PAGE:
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Teaching little Jews to be big Jews

A great big Kol Hakavod to my fourth graders, who led services last night. They were wonderful. They did a great job on Mizmor L'David and the Hatzi Kaddish, to name only two. I wish I could take pictures on Shabbat, because they were also cute as could be up there on the bima.

At the Oneg, a parent of one of my students from last year said her daughter asked if those were really Ms. Yourish's legs. She said she'd never seen me wear a dress before. She has, she's just forgotten all the services and dinners that I've dressed up for. I tend to wear pants suits when I teach, the better to be able to chase my students if need be. Or play dodgeball. We did that during recess on Tuesday. I let one of my "bad boys" hit me with the ball and get me out. I figured it was his dream come true, to be able to hit the teacher.

On the other hand, the parent also told me I was a good role model for her daughter. Uh-oh, I'm a role model. Actually, that's very flattering.

I've been saying for years that I'm a Jew-hater's worst nightmare: I teach little Jews to be big Jews. I may not have children of my own, but I'm doing my part to propagate the Jewish nation. That knowledge gives me great satisfaction.

My grandfather would be very proud. He taught Hebrew school for years, and was the director of several schools while I was growing up. In fact, I tutored some of his students as I got older. Interestingly, my grandfather was Orthodox, but he ran the Hebrew school at Beth Israel, a Conservative synagogue in Irvington, while my brothers and I were attending. Sometimes, he was pretty tolerant of differences in Judaism. Sometimes not so much.

Zayda was definitely intolerant of Jew-hatred. I got that from both sides of the family. And I pass it on to my students. I've taught them that one way to piss off a Jew-hater is to chant "Am Yisrael Chai" ("The people of Israel live"). I've noticed that if you start that chant at an anti-Israel protest, it really torks off the anti-Israel protesters. This always leads my students into chanting the phrase for a minute or two in class, which they love. They also like it when I say things like "Purim is the holiday where the Jews kicked the crap out of the Persians." After a second or two of gasping for my saying a bad word, they store that for the ride home with their parents. "So, what did you learn in Hebrew school today?" "Ms. Yourish said a bad word!"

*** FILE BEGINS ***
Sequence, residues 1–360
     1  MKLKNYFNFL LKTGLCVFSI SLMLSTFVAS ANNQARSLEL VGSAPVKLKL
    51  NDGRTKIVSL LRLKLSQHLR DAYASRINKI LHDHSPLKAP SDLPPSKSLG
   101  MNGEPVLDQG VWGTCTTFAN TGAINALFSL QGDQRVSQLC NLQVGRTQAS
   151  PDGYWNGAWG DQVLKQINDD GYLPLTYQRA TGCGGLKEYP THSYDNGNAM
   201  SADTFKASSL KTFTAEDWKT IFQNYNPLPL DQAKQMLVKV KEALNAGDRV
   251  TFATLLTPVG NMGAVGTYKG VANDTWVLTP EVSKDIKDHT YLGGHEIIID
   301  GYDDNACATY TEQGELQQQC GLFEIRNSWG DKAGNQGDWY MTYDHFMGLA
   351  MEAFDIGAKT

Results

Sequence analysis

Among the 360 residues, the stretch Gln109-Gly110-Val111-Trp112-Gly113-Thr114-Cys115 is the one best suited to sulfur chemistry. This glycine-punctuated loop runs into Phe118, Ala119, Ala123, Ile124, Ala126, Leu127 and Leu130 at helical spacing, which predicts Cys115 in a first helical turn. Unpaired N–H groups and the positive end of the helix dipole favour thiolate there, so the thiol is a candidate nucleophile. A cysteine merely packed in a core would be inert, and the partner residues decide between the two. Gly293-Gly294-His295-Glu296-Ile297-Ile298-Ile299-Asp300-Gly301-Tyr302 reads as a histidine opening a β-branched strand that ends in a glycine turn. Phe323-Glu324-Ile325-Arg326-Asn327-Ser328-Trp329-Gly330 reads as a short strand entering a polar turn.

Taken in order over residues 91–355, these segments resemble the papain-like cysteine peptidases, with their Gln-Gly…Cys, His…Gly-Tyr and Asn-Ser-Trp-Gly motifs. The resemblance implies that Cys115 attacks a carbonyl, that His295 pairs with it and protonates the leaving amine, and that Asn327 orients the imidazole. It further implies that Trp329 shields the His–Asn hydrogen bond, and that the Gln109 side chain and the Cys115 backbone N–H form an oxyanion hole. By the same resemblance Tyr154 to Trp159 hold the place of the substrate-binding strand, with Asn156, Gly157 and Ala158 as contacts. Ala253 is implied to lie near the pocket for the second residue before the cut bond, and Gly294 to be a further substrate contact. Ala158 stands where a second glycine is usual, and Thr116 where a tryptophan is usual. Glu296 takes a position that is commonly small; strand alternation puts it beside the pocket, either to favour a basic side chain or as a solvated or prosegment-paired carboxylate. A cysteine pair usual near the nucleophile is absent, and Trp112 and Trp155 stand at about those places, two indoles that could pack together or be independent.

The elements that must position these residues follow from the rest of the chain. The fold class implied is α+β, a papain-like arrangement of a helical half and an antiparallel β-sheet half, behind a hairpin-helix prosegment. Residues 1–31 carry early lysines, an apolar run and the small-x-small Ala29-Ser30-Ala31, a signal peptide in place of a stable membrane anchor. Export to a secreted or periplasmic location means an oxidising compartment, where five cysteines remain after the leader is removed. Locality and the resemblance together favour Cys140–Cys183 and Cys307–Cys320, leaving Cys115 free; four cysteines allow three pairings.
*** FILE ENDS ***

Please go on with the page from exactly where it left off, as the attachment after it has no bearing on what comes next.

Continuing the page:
Last night at dinner, I sat with the family of another of my students from last year, and said the above, at which point there was a gasp and then silence from my former student. "I'd never be able to teach public school," I said. Because of the language thing? they asked. No, because I can't see myself teaching the way you need to teach in public school. I need more latitude than that. There are some days I simply throw the lesson plan out because it's obvious my students need something more exciting to keep their attention. I've made up a Jewish Monopoly game on the spot, drawing the gameboard on the whiteboard and using a dreidel for a die, making my students answer questions, define Hebrew words, or read prayers in order to win points or get out of jail. (There's always a jail in any -Opoly game.) I let them read The Boring Book (Living as Partners with God; it's basically a thinking book, not a doing book) in "silly voices," which makes the lesson go a bit easier.

Then again, J. remembered an incident from last year when one of the parents and I were in the hallway discussing something that really annoyed me, and I said, "That's bullshit!" apparently loud enough for the students to hear.

"Oh, yeah, I heard all about that on the way home that night," his mother told me.

"You said it twice," J. reminded me.

I don't even remember what I was so annoyed about. But it's good to know what they remember the next year.

Actually, J. remembered something else from that year. When I asked him to tell me about Purim, he said, "They tried to kill us, we won, let's eat."

That's what I'm talking about.

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Syria's "long-standing tradition of religious coexistence"

Charles Johnson pointed me to this op-ed in today's LA Times. (If you have no registration, go to Bugmenot.) It's by Syrian Spokesliar Bouthaina Shaaban, Syria's minister for emigrant affairs, whatever that means. (I suspect he is not minstering to the needs of Jews who emigrated from Syria.) It's chock-full of lies and equivocation, but this is the line that burns my ass the most.